Then, on Feb. 8, 1963, the conspirators staged a coup in Baghdad. For a time the government held out, but eventually Kassem gave up, and after a swift trial was shot; his body was later shown on Baghdad television. Washington immediately befriended the successor regime. "Almost certainly a gain for our side," Robert Komer, a National Security Council aide, wrote to Kennedy the day of the takeover.

As its instrument the C.I.A. had chosen the authoritarian and anti-Communist Baath Party, in 1963 still a relatively small political faction influential in the Iraqi Army. According to the former Baathist leader Hani Fkaiki, among party members colluding with the C.I.A. in 1962 and 1963 was Saddam Hussein, then a 25-year-old who had fled to Cairo after taking part in a failed assassination of Kassem in 1958.

According to Western scholars, as well as Iraqi refugees and a British human rights organization, the 1963 coup was accompanied by a bloodbath. Using lists of suspected Communists and other leftists provided by the C.I.A., the Baathists systematically murdered untold numbers of Iraq's educated elite -- killings in which Saddam Hussein himself is said to have participated. No one knows the exact toll, but accounts agree that the victims included hundreds of doctors, teachers, technicians, lawyers and other professionals as well as military and political figures.

The United States also sent arms to the new regime, weapons later used against the same Kurdish insurgents the United States had backed against Kassem and then abandoned. Soon, Western corporations like Mobil, Bechtel and British Petroleum were doing business with Baghdad -- for American firms, their first major involvement in Iraq.

But it wasn't long before there was infighting among Iraq's new rulers. In 1968, after yet another coup, the Baathist general Ahmed Hassan al-Bakr seized control, bringing to the threshold of power his kinsman, Saddam Hussein. Again, this coup, amid more factional violence, came with C.I.A. backing. Serving on the staff of the National Security Council under Lyndon Johnson and Richard Nixon in the late 1960's, I often heard C.I.A. officers -- including Archibald Roosevelt, grandson of Theodore Roosevelt and a ranking C.I.A. official for the Near East and Africa at the time -- speak openly about their close relations with the Iraqi Baathists.

This history is known to many in the Middle East and Europe, though few Americans are acquainted with it, much less understand it. Yet these interventions help explain why United States policy is viewed with some cynicism abroad. George W. Bush is not the first American president to seek regime change in Iraq. Mr. Bush and his advisers are following a familiar pattern.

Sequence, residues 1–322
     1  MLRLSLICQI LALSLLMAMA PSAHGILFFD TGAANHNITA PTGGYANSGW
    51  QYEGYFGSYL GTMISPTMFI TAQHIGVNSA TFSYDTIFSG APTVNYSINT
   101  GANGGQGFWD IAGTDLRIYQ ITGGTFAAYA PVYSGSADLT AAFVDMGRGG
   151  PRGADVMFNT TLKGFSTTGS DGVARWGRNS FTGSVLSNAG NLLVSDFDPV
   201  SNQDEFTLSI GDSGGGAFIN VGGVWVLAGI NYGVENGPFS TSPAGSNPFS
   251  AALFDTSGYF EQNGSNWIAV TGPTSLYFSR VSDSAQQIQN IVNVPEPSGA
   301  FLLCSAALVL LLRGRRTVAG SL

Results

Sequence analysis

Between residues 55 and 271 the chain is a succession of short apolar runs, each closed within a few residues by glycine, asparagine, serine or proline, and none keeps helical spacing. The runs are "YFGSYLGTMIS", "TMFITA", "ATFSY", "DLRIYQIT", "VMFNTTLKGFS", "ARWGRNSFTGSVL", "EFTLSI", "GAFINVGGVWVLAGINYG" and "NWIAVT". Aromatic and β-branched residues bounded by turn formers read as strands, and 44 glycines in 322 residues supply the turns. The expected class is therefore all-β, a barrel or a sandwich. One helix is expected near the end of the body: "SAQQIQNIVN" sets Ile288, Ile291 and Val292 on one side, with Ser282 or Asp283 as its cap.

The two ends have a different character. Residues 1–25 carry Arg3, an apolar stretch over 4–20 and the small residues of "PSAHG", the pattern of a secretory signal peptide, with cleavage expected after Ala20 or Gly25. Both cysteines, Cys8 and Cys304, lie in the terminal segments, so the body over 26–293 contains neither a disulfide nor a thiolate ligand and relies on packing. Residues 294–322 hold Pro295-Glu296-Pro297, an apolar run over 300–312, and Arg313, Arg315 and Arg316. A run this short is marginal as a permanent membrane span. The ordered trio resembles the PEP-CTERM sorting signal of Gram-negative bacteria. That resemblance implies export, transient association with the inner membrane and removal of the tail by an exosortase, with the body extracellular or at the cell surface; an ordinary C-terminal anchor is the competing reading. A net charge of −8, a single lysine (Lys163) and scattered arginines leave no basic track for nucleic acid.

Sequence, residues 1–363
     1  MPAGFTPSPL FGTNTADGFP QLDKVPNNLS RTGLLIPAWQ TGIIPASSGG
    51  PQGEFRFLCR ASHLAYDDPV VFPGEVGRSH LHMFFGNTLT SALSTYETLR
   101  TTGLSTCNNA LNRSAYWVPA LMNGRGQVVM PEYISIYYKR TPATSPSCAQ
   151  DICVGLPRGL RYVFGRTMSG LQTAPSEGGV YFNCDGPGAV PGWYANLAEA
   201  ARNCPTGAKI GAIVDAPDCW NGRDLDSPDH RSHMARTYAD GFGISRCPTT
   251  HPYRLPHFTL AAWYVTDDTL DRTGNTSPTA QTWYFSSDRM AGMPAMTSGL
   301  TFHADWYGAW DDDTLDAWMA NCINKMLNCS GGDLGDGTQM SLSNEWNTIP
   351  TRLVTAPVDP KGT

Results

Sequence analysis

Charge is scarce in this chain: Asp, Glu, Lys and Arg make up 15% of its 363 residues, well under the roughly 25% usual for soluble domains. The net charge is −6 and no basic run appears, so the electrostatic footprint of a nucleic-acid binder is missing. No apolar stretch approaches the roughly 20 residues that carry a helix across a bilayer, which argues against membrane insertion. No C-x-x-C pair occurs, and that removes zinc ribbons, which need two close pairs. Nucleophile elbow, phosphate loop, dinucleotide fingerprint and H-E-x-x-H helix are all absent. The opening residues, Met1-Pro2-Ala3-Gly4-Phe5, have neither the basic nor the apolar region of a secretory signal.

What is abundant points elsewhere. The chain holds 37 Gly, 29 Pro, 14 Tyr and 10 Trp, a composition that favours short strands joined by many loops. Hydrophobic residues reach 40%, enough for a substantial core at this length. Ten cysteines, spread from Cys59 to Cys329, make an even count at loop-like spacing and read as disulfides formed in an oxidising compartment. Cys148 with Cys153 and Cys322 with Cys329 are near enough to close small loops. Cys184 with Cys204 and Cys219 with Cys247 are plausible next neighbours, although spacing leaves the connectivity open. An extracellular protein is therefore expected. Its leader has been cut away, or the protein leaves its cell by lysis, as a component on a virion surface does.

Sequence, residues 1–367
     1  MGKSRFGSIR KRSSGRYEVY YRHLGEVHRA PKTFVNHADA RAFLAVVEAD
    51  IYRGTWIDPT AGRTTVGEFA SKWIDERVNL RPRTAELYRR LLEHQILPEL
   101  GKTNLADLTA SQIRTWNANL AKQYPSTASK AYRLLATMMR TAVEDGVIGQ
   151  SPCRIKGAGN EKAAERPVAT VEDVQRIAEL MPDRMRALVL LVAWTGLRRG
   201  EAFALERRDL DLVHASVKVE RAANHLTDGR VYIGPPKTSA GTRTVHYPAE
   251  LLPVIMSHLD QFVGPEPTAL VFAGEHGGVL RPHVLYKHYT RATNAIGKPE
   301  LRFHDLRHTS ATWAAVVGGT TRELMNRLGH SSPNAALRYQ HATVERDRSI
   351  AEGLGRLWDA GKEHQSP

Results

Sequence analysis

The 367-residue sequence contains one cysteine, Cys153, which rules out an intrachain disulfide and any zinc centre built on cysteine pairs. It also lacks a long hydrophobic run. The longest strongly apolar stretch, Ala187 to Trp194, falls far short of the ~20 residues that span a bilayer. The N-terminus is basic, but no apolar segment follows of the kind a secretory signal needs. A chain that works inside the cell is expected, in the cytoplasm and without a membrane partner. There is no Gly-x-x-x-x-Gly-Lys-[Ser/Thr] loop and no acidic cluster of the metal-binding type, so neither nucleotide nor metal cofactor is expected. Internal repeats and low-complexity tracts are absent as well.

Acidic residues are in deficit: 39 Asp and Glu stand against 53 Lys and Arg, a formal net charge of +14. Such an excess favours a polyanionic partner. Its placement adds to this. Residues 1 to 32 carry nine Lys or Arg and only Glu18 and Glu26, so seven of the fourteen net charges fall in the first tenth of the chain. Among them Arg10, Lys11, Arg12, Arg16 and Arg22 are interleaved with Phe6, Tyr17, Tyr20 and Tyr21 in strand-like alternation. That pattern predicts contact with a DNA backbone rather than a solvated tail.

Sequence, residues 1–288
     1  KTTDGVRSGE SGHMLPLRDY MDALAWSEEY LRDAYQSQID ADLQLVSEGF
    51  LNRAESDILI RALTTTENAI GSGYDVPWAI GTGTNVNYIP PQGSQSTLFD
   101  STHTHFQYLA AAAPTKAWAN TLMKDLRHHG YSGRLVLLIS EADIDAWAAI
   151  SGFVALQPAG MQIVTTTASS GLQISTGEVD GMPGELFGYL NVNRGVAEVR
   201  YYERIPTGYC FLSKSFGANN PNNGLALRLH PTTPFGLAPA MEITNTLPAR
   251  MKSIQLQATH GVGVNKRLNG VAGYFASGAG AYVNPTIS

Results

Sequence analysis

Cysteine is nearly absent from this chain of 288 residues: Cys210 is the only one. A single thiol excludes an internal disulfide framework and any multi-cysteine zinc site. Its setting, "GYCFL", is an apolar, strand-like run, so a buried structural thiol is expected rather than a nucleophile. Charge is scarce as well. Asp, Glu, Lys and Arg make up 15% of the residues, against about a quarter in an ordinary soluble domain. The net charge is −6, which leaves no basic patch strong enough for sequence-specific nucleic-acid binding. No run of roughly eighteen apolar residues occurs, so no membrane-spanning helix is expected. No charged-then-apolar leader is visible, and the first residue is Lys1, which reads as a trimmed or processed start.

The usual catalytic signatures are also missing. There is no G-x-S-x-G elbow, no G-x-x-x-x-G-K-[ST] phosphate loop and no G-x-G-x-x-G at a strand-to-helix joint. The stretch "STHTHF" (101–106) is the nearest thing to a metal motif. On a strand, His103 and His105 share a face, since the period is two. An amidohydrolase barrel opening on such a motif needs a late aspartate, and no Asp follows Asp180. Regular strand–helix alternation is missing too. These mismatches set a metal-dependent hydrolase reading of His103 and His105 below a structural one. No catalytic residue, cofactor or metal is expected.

The Kassem episode raises questions about the war at hand. In the last half century, regime change in Iraq has been accompanied by bloody reprisals. How fierce, then, may be the resistance of hundreds of officers, scientists and others identified with Saddam Hussein's long rule? Why should they believe America and its latest Iraqi clients will act more wisely, or less vengefully, now than in the past?

If a new war in Iraq seems fraught with danger and uncertainty, just wait for the peace.

Roger Morris, author of "Richard Milhous Nixon: The Rise of an American Politician," is completing a book about United States covert policy in Central and South Asia.
=========================================

SEE ALSO:

Saddam Hussein--The Making of a Dictator [article + video]
 http://www.indymedia.org/front.php3?article_id=306061&group=webcast
Saddam is Trilox Woodsman's buddy
Saddam is Trilox Woodsman's buddy

Um... 12.Apr.2003 20:48

whatever

The study of Western Art and Civilization starts in Iraq. Those artifacts were evidence of our history as well as that of the people of Iraq. They were priceless and irreplacable.

The Woodsman is so lucky to have been born and raised in a country that can offer him knowledge and civilization. It is unfortunat for him and for us that he has not taken advantage of it. He seems not to even understand the role a museum has in safeguarding history and culture.

And to all the phrases that start with "What do you care..." obviously people care. You notice that they say things that imply that they care. So why do you insist on proving that you're an imbecile, by not believing the evidence before you and saying that they don't care, just because that doesn't fit into your simple minded stereotype of themw?

Woodsman, why are you here spouting off ideas as if you have a clue? This world is really too big for you. You can't handle it. You should be in the military where you can let other people do the thinking for you, and you can just follow orders. There is a place in this world for you, but it is not here.

Poppycock... 13.Apr.2003 14:52

Trilox Woodsman

"Woodsman, why are you here spouting off ideas as if you have a clue? This world is really too big for you. You can't handle it. You should be in the military where you can let other people do the thinking for you, and you can just follow orders. There is a place in this world for you, but it is not here."

You don't know me so don't make too many assumptions there little person...